I'm glad they're only aiming at a small group of people who actually have problems with email. The weekly "re-invent email" posts are getting quite tiresome, the majority of people have absolutely no problem with email, email is an incredibly simple concept and it works for almost everyone.
In short, email is fucking awful and the bane of my existence. At one point I was getting north of 200 emails a day from people demanding meetings, todos, updates, and pieces of information. Please someone... reinvent it!
So, exactly the people that any new e-mail solution won't be able to help because they're locked into a Lotus Notes/Exchange server with a bunch of backend integration and a proprietary client.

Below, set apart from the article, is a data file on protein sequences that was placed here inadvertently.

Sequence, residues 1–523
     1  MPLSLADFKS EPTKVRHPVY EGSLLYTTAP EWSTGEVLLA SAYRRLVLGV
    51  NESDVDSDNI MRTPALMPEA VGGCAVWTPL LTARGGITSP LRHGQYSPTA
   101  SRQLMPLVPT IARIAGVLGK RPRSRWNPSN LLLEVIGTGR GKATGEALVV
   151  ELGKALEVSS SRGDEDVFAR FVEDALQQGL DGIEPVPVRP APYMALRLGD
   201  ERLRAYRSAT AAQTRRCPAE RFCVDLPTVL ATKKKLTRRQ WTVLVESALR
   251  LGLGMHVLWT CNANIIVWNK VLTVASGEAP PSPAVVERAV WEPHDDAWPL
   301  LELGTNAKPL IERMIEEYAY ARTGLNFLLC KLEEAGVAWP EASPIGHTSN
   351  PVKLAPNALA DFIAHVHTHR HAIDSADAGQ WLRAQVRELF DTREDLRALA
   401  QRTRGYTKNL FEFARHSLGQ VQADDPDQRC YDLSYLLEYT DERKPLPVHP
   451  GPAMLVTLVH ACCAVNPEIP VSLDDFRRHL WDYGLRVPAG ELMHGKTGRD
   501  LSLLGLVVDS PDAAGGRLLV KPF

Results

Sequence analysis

The good thing about the old subject line of an email is that you usually can tell whether it's something you need to look at now or save for later, move to another folder, or delete. You can also quickly see whether you are the main target or just CC'd.
Speed reading can also assist in processing email. Sometimes you just know whether you need to read something thoroughly, or can glance over.
Speed reading, as you suggest, would not be a good solution to finding mission-critical information. As far as I know, no collaboration tool exists that could handle the complexity that we were dealing with. We tried quite a few, and pushed SharePoint to its limit.